See the offending dream catcher

When I read the news item about St. Joseph’s Indian School’s use of dream catchers as fund-raising swag, I instantly knew of the item in question.

Months ago, we were at my parents’ house while they were opening their mail. When I was in high school, we lived in Chamberlain, so it was no surprise to see the fundraising solicitation from St. Joe’s in the pile of envelopes.

What was a surprise was the dream catcher that had been deftly attached to the materials, which also included foil stickers, as I recall.

This dream catcher from St. Joseph’s Indian School in Chamberlain was sent to my parents as part of a fund-raising solicitation this summer.

My 4-year-old son took an instant shine to the dream catcher, and so it has been riding around in our car since the summer, dangling from the side of his car seat.

You can see from the photo that there is little chance of confusing it with the real deal, but it sure did the trick for getting all of our attention and keeping that envelope out of the trash.


So long, Liz, we hardly knew ye

Despite a national profile, endorsements from the likes of Rush Limbaugh and Sean Hannity and her mother’s dulcet nasal twang, Liz Cheney’s Wyoming insurgency never got traction in South Dakota’s neighboring state.

Out here in the RC, the occasional TV ad would leak over the border, and – me not being the target demographic, but still – they were not terribly compelling.

Meanwhile, a written statement issued by the Cheney campaign hints at a health crisis for one of Cheney’s five children, so it might very well be that a genuinely higher priority that brought about this abrupt halt to her US Senate campaign against incumbent Mike Enzi.

Liz Cheney does appear to be one not to walk away from a challenging campaign battle.

One clue to how truly abrupt this all was is Cheney’s own campaign website. A Google search turns up dozens of headlines reporting the end to her campaign. Her own site features this 5-month-old video at the top, explaining why she is running for Congress. One lonely tweet accounts for the campaign’s announcement today.

Left to Obama: ‘You didn’t have to cut us off’

Forgive me for posting an old video, but I have 3 reasons.

  1. I just discovered this little parody gem over the New Year’s holiday.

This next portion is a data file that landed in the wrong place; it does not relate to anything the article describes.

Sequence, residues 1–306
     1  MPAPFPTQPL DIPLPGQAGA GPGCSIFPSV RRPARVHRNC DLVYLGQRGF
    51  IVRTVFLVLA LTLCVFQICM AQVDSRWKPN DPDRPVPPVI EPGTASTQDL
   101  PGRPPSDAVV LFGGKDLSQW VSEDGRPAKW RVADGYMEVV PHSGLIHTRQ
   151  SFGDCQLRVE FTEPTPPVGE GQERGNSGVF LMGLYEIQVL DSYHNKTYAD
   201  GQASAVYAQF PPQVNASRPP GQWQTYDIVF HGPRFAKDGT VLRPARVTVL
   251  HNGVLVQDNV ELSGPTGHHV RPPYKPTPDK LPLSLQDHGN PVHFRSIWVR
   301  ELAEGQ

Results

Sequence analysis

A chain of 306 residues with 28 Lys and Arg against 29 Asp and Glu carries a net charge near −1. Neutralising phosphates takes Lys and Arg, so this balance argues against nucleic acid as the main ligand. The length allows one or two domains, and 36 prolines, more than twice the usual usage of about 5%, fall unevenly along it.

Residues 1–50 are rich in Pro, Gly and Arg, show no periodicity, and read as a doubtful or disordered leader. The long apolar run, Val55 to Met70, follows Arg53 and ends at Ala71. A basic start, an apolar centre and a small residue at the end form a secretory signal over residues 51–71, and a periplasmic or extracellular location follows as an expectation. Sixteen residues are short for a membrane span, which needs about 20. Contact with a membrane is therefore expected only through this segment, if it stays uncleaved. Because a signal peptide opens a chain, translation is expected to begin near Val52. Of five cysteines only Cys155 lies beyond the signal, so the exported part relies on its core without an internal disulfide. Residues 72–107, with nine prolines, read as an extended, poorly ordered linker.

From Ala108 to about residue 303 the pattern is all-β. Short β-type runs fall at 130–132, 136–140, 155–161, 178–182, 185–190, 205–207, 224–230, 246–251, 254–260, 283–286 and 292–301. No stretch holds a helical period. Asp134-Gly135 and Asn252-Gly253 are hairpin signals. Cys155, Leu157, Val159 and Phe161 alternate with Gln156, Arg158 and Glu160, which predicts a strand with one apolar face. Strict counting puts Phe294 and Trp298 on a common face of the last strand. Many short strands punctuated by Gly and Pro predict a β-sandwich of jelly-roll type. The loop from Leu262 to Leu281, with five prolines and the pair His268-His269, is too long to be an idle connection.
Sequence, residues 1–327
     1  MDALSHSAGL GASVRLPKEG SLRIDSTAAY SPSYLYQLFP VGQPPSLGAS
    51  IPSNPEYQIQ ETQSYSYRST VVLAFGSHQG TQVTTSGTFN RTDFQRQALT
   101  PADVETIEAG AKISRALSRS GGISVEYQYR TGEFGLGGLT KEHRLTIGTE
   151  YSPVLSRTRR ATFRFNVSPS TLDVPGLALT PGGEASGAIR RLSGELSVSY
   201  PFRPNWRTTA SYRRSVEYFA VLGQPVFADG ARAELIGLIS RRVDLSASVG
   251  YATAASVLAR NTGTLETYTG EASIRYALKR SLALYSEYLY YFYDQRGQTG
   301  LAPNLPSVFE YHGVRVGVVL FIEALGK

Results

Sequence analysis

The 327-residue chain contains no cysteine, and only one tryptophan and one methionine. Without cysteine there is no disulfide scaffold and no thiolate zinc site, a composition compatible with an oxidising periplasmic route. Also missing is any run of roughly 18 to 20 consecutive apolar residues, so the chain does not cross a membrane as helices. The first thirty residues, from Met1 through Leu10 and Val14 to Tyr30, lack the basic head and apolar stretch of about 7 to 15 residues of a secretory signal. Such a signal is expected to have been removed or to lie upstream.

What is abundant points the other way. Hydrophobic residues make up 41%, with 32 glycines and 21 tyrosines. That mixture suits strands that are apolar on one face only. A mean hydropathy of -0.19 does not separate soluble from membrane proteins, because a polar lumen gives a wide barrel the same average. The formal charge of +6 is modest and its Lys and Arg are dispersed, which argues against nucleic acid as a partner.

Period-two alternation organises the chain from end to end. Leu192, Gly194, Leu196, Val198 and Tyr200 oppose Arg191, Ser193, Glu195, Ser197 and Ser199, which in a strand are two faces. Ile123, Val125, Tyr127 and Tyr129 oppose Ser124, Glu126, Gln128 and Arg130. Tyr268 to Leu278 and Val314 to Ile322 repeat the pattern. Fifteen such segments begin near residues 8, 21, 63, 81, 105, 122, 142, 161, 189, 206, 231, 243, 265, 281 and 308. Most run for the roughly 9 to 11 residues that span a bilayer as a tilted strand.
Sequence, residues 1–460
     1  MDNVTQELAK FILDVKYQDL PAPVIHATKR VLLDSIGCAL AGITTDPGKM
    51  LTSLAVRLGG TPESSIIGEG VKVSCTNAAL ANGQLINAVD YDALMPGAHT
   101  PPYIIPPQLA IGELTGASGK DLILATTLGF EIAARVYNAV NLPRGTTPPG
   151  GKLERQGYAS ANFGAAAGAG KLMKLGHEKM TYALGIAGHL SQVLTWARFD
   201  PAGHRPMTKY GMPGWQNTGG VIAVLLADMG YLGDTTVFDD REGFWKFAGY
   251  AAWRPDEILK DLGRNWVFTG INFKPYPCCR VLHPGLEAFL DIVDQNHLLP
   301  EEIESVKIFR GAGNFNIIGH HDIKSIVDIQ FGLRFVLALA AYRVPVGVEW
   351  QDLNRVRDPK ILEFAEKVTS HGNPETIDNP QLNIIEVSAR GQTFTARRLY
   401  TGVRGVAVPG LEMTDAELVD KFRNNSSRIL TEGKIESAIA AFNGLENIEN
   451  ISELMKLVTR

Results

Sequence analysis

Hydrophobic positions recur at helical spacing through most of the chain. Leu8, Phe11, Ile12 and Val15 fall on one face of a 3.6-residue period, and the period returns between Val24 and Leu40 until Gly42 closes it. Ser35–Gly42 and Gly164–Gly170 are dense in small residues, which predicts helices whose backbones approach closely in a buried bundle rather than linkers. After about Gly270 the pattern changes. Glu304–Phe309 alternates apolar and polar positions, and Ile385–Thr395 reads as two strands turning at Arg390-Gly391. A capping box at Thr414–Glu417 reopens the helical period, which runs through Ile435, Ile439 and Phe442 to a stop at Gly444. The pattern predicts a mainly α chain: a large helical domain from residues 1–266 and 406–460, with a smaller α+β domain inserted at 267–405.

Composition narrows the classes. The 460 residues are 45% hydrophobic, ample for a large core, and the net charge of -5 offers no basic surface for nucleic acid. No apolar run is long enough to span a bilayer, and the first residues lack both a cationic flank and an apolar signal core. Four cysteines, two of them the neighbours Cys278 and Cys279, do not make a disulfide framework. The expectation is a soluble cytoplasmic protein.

2. I think it’s indicative of how the left has turned on Obama and stayed mad. (The original song is, after all, about a romantic break-up. That is fitting to be sure.)
  3. It’s a good launching point to discuss ways 2014 could be even worse for Obama than his “worst year,” which just closed out. Or perhaps how team O could turn things around before the mid-terms in November.

Does it all hinge on What about Iran? Syria? Preschool? Jobs? Immigration? Guns?

Ponder those issues while watching the original version of the song, Gotye’s mega hit, “Somebody That I Used to Know.”

Weiland candidacy making DC waves

Read between the lines in this Politico story, and you don’t even have to squint to see that Democratic senators are apparently taking sides in what Politico reported is a feud between one-time BFFs Tom Daschle and Harry Reid.

Other red-state Dems from Arkansas, Louisiana, Alaska and New Hampshire pitched in to help South Dakota’s own Tim Johnson at a fundraiser for Weiland on Tuesday.

Rick Weiland

Rick Weiland, nation’s most liberal Senate candidate?

The Republicans are seizing on this, calling Weiland “perhaps the most extreme liberal senate candidate in the country” in a mailing sent to criticize the Democrats who helped with the fundraiser.

Perhaps of most interest to those of us here in the Rushmore State (sorry Corn Palace – maybe with the redesign our state’s nickname will reflect your grandeur), is that the Democratic leaders in charge of helping to elect senators say they still hope to get another candidate into the South Dakota 2014 race.

The Democratic Senatorial Campaign Committee is “still actively recruiting” in South Dakota, according to someone familiar with the organization’s thinking.

Politico brings up Stephanie Herseth Sandlin’s name but avoids suggesting except by juxtaposition that she might still be a player.